9. 9. FINITE ELEMENT MODEL Moorings and risers aremodelled as bar elements •161 elements/mooring 2520m •289 elements/riser; 1900m7555 bar elements in total Risers connected to port side
  10. 10. Environmental loading and cases definition JONSWAP spectrum Typical sea states from Campos Basin; Direction Hs (m) Tp (s) γ S 6,1 14,00 1,57 1250m water depth; SW 6,9 14,62 1,61 W 4,0 8,14 2,10 Waves and currents: 10y return period; Direction Speed (m/s) S 1,58 SW 1,39 Surface current Case Wave Current 01 S SW 02 SW SW 03 W SW 04 S S 05 SW Shttp://www.rederemo.org 06 W S
  11. 11. Offset estimation for de-coupled analysis1. Perform a coupled simulation for a 1h Mean representative offset period Case x (m) y (m) Distance (m) 01 7,4 -3,7 8,27 02 7,5 0,35 7,502. Compute average offset of the floater 03 8,0 3,5 8,73 04 3,2 18,6 18,87 05 3,4 22,0 22,263. Perform a de-coupled simulation with the 06 3,9 24,8 25,10 average offset Current dominates FPSO displacement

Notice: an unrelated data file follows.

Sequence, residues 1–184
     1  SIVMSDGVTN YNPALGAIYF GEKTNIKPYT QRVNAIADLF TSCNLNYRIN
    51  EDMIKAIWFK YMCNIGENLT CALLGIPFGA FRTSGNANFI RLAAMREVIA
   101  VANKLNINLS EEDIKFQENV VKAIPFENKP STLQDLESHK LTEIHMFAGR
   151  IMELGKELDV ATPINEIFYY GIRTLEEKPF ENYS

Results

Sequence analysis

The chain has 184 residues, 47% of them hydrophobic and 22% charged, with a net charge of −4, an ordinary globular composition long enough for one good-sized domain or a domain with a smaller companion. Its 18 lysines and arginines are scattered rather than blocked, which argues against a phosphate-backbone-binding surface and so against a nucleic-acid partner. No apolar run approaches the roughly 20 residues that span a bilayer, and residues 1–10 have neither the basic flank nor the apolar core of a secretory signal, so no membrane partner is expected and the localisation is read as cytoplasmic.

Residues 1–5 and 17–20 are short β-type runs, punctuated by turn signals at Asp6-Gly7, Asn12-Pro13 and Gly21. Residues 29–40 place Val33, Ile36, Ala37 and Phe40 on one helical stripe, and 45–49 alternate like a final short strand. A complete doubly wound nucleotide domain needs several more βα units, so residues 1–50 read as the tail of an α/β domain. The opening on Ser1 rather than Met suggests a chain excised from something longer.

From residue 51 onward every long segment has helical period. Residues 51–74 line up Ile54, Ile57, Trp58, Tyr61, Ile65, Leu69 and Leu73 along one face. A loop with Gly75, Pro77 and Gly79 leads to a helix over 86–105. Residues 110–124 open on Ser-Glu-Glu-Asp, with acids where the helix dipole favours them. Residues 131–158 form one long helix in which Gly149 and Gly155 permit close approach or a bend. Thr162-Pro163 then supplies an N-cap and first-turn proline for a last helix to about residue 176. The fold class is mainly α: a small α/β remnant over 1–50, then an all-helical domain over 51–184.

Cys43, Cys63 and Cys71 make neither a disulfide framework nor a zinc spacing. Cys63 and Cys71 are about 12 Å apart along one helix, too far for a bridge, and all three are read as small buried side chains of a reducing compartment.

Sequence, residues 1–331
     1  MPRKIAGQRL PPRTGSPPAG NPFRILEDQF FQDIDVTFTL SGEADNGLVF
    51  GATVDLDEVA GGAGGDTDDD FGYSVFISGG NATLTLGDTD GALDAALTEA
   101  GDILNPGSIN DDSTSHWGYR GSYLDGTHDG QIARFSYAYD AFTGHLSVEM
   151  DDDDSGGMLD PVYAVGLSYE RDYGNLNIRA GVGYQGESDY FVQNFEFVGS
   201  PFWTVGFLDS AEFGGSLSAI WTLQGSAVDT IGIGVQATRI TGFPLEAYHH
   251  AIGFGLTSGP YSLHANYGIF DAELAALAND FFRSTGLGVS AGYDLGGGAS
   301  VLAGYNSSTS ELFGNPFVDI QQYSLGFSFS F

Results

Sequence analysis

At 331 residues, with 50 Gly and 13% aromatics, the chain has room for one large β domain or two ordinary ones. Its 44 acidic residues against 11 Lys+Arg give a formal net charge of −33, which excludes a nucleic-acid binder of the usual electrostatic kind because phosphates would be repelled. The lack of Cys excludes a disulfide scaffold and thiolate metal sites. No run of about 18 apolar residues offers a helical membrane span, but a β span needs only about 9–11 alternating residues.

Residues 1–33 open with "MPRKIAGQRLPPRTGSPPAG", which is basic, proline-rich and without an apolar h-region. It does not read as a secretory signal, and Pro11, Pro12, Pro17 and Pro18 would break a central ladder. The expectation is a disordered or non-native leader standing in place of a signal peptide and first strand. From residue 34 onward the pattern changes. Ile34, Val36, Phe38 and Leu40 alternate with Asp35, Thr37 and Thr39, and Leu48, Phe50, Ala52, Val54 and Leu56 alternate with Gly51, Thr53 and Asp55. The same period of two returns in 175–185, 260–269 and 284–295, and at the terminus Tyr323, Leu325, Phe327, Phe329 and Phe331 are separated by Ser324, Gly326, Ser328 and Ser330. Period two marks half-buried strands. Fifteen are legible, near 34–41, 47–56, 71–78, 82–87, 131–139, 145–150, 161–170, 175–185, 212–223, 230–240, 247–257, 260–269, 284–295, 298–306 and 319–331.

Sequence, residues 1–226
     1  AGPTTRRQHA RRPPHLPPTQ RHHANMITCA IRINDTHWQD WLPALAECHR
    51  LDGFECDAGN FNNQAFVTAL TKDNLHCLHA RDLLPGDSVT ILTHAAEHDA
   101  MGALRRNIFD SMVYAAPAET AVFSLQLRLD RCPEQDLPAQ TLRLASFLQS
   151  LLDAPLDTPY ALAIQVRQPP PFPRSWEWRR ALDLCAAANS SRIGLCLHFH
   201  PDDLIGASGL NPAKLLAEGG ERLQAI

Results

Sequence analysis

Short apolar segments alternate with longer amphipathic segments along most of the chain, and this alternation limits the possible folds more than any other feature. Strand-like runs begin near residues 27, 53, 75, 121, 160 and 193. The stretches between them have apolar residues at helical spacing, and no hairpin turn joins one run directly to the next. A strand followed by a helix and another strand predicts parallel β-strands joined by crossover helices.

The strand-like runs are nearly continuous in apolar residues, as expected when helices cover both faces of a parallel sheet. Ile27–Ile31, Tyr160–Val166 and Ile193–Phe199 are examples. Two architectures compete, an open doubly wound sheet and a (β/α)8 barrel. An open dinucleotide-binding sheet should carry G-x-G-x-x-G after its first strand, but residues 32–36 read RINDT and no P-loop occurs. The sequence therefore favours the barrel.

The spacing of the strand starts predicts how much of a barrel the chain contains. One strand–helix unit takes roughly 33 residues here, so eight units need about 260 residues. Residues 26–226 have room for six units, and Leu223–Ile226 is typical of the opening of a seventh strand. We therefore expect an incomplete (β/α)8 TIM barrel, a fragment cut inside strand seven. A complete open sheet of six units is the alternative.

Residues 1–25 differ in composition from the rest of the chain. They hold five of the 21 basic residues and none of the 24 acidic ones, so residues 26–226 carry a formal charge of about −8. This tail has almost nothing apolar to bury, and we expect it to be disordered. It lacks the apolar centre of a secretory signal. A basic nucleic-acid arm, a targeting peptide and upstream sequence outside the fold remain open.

12. 12. Sway (deriva) Heave (afundamento)CASE 06 – highest offset
  13. 13. Sway (deriva)
  14. 14. Free decay numerical roll response - Moorings/risers increase vessel damping response
  15. 15. Coupled x de-coupled response Case 06 (6h simulations) Mooring line response CASE06 - 6h CASE06 - 6h 4200 Coupled 70 Coupled 4000 Decoupled Decoupled 60 3800 3600MEAN top tension [kN] 50 Std. Dev. - Top tension 3400 40 3200 3000 30 2800 20 2600 2400 10 2200 0 1 2 3 4 5 6 7 8 9 10 11 12 13 14 15 16 17 18 19 20 1 2 3 4 5 6 7 8 9 10 11 12 13 14 15 16 17 18 19 20 Mooring line ID Mooring line ID Mean top tension is not significantly Correct inclusion of LF motions in the different for both cases coupled approach ↓ 3-5 % ↑ Higher std. dev. for all mooring lines